SNOW CANOEING FOR
THE SELF-STYLED EXPERT
By Guy Spastic
As an expert
skier, I usually get bored with the same local runs by January. I'd already
been skiing so much my season lift ticket had more miles on it than the
National Enquirer's story of Mike Jackson. A skier of my caliber shouldn't have
to put up with those long lift lines full of beginners.
In fact, I have
always mastered every winter sport, just by my natural inclination, so now I
was looking for something new I could turn into another notch on my long belt
of expertise. Thus, I was overjoyed when a friend called me late Friday
"Got any plans for Saturday?" he asked. "We're going snow
canoeing - how about coming along?"
I couldn't believe my ears. I had
never heard of this winter sport before. He continued, "Have you ever been snow
There wasn't a chance in a hundred I would let on
that I had never heard, much less been, and give him the chance to educate me.
"Of course," I yawned, "been hundreds of times. Millions."
"Good, then you know what to bring. Meet me at the off ramp next to
Liars Butte about six tomorrow morning." He hung up.
Something new - and
I was already an expert. I could just feel it surging through my veins. Snow
canoeing - that would require a canoe, certainly. I already had a fifteen
hundred dollar whitewater canoe. I would be the envy of all the snow canoers
with that beauty. If I waxed it, I could make it go faster. Faster meant more
wind, so I needed a snowmobile suit.
I threw wax and the suit into the
canoe, along with hat, gloves, goggles, arctic boots, and my motorcycle helmet.
Naw, a real expert doesn't need a helmet. I spent all night, with the canoe on
the kitchen table, putting a pro wax job on it, assured I'd be the fastest snow
By the time I finished the wax job, it was about 4:30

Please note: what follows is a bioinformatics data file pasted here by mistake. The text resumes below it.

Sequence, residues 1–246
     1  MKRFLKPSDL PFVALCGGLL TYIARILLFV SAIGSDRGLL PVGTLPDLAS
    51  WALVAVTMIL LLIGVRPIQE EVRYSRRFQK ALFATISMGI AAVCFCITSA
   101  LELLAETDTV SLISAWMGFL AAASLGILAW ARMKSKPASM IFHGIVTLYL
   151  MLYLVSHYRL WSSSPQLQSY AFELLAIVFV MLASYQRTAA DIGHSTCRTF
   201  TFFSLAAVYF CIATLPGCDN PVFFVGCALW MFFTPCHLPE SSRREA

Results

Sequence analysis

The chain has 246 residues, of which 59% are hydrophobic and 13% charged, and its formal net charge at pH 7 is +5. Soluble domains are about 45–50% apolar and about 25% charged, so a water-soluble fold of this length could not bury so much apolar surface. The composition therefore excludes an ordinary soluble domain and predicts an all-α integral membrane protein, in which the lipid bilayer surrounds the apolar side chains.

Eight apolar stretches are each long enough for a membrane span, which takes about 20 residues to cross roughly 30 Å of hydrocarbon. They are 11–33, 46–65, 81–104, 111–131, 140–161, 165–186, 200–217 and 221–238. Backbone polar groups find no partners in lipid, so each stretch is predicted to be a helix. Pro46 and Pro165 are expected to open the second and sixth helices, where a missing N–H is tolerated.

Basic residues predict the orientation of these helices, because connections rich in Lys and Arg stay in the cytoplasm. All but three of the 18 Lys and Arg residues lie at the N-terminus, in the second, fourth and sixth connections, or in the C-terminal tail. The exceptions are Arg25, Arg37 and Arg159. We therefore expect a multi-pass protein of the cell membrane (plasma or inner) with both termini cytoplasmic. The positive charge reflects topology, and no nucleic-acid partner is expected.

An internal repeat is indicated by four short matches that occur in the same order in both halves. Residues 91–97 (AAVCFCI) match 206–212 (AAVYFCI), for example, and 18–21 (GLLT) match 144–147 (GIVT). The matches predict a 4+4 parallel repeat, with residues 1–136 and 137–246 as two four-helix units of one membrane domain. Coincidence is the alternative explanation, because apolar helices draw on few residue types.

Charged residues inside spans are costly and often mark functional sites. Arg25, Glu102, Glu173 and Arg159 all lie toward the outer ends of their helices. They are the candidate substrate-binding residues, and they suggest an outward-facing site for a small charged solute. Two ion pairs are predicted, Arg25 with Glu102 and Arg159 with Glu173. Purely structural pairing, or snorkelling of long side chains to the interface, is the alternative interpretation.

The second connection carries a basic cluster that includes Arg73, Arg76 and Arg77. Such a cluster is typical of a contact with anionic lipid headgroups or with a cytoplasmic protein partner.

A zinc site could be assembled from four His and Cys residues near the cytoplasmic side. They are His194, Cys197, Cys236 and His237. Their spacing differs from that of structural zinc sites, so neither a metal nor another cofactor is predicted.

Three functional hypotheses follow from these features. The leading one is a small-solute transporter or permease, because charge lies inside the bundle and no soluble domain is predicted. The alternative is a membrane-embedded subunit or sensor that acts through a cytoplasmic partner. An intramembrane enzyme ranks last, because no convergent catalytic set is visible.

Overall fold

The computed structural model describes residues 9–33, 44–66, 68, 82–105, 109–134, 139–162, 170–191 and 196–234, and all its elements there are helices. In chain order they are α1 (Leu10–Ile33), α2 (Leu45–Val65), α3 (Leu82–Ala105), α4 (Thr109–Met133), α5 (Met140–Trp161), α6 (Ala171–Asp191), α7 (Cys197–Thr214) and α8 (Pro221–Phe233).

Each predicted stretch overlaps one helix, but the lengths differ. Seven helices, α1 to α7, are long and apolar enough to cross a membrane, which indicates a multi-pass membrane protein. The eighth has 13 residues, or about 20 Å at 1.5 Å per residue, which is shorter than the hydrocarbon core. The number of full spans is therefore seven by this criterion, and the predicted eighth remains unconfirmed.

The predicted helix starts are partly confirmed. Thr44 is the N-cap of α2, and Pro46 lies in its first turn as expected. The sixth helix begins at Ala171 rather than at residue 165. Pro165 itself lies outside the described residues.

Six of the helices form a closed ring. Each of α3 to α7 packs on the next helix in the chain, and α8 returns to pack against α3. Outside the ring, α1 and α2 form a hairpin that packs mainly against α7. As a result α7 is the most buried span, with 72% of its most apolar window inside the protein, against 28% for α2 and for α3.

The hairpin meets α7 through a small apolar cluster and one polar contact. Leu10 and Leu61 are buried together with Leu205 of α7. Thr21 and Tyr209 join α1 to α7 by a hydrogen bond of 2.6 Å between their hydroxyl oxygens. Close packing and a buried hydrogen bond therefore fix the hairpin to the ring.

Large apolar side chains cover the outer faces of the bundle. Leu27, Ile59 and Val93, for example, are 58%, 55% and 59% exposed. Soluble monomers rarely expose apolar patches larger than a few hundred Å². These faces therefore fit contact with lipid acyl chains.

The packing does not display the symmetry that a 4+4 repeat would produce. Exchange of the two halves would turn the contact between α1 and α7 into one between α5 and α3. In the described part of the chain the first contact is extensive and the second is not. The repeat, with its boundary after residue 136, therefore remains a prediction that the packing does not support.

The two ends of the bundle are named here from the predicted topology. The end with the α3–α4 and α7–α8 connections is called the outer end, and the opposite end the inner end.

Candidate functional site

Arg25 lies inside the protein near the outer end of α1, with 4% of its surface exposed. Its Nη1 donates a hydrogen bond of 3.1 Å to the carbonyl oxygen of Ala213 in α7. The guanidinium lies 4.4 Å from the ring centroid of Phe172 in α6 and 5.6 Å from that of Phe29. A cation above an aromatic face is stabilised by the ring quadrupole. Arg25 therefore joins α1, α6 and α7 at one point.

a.m.; I just had time to brew a pot of coffee. I had to get there first, that
way I could give my buddy a hard time about being a lightweight snow canoer.
While the pot was brewing, I loaded the gear and tied the canoe to the
roof of my car. I woke up the dog so he could share in my pending grandeur, in
the snow canoers circle of fame, grabbed a cup of java, and out the door we
I arrived with about thirty minutes to practice some canoe
maneuvers, and get warmed up so I could shame my buddy at his own sport.
Donning my brilliant chartreuse and safety orange snowmobile suit, I cut the
ropes that held the canoe, and got the dog out of the car.
As the sun
came streaming over the mountain, I could see the weekend ski traffic already
starting to build, as I dragged the canoe up the steep side of Liars Butte. My
faithful hound followed a safe distance behind. Upon reaching the summit, I
turned and gazed down the slope, thinking how odd it looked steeper from the
Cars pulled over at the bottom of the hill, and a fair sized
crowd gathered. This was great I didn't realize I'd have spectators to
cheer me on. I positioned the canoe for the best run down the slope, dropped my
goggles over my eyes, and beckoned my hound to join me.
As the canoe
tipped over the edge and began a graceful decent, my dog sat down in the snow,
and for a brief moment I thought I saw him shake his head. I couldn't
comprehend why he didn't want to share the limelight that waited at the bottom
of the hill.
The canoe picked up speed remarkably fast, even faster
then I had anticipated, and I could hear the cheers of the crowd as I raced
towards them. About then, I saw my buddy's car pull up behind the string of
cars parked on the highway, and he was out in an instant. His arms were
flailing wildly, and I knew this was an exhibit of adolescent jealousy. I
grinned with glee, savoring the moment.
The speed of the canoe must
have approached nearly sixty miles per hour, and upon reaching the ditch, I
knew there would be no stopping to sign autographs before I crossed the road.
That wasn't the problem though, before I could cross the road, I had to get
through the parked cars and the crowd of fans. The fans must have seen this, as
they were already running in many directions to clear a path for me. Visions of
the helmet I had rejected flashed through my mind, as did vivid images of the
automobiles that were now far below me as I cleared all four lanes of the
Traveling at nearly 70mph, and 20 feet off the ground, coupled
with the all too sudden stop into the bridge abutment on the far side of the
highway, reduced my fifteen hundred dollar whitewater canoe into about
thirty-seven cents worth of fiberglass splinters.
As for me, I was
reduced to a quivering heap, barely conscious, my ever-faithful hound licking
ice and fiberglass from my twisted face. Surrounded by a bewildered crowd, I
stared blankly into my buddy's eyes. I felt I owed him an explanation, and
blurted out between sobs, "I lied to you, bud! I've never been snow canoeing."
The last thing I heard among the snickers and jeers was my buddy's
baffled reply, "Snow-shoeing I said we were going snow-shoeing!"